Now everyone claims Microsoft will build a data center on the Foxconn land in Wisconsin

The Foxconn land in Wisconsin may finally be used for a meaningful technology project — but not by Foxconn.

Last week, the village board of Mount Pleasant voted to allow Microsoft to build a data center on land previously cleared for the Foxconn LCD fab that never arrived. Microsoft will buy the land for $50 million, some of which will be used to reimburse Foxconn for releasing its rights to the land. It does not appear that Foxconn will play any part in operating the data center itself.

The announcement came days before an election in which the board incumbents narrowly defeated challengers critical of the Foxconn deal.

Foxconn spokesperson Rusty Schultz declined to comment on the record, instead pointing to an unattributed statement published by other outlets that ambiguously suggests Foxconn is partnering with Microsoft in some way.

Microsoft will be eligible for $5 million in tax credits per year

Microsoft will build the $1 billion data center on a 315-acre parcel previously allotted to Foxconn, with construction starting no later than 2026, according to the development agreement. The project will help the Village pay down some of the debt it took on to prepare the site for Foxconn’s never-built LCD factory. Microsoft will be eligible for $5 million in tax credits per year based on improvements it makes to the land. Neither Microsoft nor the Village has said how many jobs will be created, but given the highly automated nature of data centers, it’s likely to be very few.

Microsoft president and chief legal officer Brad Smith is from Appleton, Wisconsin, and the company has significant investments in the state, most notably in the Titletown Tech project in Green Bay. But the company is tight-lipped about its plans in Mount Pleasant.

“Our data center campus investment plans with the Village of Mount Pleasant and Racine County are part of Microsoft’s long-term commitment to the local communities in Wisconsin. We look forward to our work there,” the company’s Frank Shaw said in a statement. The company declined to add any additional information or make anyone available to answer questions about the project.

The village board took Microsoft’s arrival as vindication of the Foxconn deal. “Microsoft was attracted to this location because it is primed for development,” said Village President David DeGroot in an emailed statement.

DeGroot had been facing a tough reelection challenge from Kelly Gallaher, a vocal critic of the Foxconn deal. Gallaher was running with Kim Mahoney, another critic and the last remaining holdout at the Foxconn site after the Village cleared the area through eminent domain. Mahoney finally settled with the Village for $950,000 and moved away late last year. Both Gallaher and Mahoney lost their bids this week by several hundred votes.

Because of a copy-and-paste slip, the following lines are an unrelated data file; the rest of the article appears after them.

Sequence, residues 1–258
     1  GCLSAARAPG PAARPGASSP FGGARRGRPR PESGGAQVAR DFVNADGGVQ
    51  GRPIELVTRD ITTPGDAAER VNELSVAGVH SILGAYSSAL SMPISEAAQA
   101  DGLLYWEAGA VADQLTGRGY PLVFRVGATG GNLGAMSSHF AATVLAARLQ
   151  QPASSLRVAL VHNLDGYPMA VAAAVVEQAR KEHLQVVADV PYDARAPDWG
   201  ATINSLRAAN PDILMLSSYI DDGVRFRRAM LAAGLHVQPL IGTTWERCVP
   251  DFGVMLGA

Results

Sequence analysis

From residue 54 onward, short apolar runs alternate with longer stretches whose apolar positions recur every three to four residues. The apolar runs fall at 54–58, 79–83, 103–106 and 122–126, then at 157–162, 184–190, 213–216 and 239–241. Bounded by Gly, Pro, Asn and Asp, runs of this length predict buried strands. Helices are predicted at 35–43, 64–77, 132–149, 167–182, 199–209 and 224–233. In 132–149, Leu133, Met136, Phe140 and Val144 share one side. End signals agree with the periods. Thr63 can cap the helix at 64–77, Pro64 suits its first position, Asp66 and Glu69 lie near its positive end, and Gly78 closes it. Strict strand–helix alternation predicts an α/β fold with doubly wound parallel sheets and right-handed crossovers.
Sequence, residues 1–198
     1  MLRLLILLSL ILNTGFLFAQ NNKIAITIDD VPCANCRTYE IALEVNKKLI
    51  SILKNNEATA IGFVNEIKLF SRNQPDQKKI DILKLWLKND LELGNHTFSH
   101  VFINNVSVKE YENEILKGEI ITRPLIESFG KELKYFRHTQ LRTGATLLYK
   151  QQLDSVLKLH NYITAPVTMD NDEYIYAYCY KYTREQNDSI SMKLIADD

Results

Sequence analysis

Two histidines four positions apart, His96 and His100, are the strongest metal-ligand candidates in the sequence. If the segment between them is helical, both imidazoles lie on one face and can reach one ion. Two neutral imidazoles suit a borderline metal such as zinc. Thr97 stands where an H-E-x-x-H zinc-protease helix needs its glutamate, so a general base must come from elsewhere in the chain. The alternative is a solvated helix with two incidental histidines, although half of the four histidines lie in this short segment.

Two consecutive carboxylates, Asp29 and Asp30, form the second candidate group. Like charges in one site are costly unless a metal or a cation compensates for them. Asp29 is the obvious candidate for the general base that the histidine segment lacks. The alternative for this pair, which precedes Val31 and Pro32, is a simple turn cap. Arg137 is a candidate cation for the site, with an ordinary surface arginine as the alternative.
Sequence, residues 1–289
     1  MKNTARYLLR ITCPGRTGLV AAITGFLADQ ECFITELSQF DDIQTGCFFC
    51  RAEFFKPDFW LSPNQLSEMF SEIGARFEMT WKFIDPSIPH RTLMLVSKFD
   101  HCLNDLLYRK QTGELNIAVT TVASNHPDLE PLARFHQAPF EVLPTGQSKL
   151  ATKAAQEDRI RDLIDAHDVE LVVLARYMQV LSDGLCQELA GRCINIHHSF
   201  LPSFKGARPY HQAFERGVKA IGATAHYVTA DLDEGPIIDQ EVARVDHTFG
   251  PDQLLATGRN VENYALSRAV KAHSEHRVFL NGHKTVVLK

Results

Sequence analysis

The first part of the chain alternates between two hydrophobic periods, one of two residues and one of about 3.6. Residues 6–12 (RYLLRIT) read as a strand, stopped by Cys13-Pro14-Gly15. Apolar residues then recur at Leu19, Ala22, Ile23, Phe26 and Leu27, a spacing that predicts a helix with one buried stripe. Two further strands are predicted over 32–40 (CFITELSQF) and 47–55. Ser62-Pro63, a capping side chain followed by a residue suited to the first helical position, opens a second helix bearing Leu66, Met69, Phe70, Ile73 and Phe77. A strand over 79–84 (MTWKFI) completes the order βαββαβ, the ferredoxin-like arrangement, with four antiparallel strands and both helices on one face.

Foxconn has pivoted repeatedly in the five years since then-President Trump announced plans for a 20 million square foot LCD fab he called the “eighth wonder of the world.” After it quickly became apparent that an LCD factory did not make economic sense, Foxconn announced it would build robot coffee kiosks, servers, and other ideas that never came to fruition. During the height of the pandemic, it even announced that it would manufacture ventilators in Wisconsin with Medtronic, another plan which went nowhere. Internally, Foxconn pursued everything from dairy exporting to fish farming to make good on its investment in the state. Foxconn has also long insisted that a large glass orb on the site is actually a data center, even though it is actually office space and a conference center.

Foxconn insists large glass orb on the site is actually a data center, even though it is actually office space

In 2021, Wisconsin and Foxconn agreed to scale down their contract to reflect a far smaller project than the original fab. Under the new contract, Foxconn aims to create at least 1,454 jobs, rather than 13,000, and the state is on the hook for $80 million in credits rather than $3 billion. Foxconn has qualified for nearly $40 million of those credits so far and employed 768 people at the end of 2022, according to The Associated Press. Precisely what those people are doing remains unclear. Foxconn has said it is manufacturing servers, but it has also refused access to local journalists. 

The debacle has proved costly to Mount Pleasant, which bulldozed dozens of homes in order to clear land for the project. According to an investigation by the Milwaukee Journal Sentinel earlier this year, the debt taken on by the Village amounts to 500 percent of its operating revenue. Village taxpayers have also paid $167 million to various contractors and vendors, including to Claude Lois, the politically connected consultant overseeing the project for $28,000 per month.

Source: The Verge

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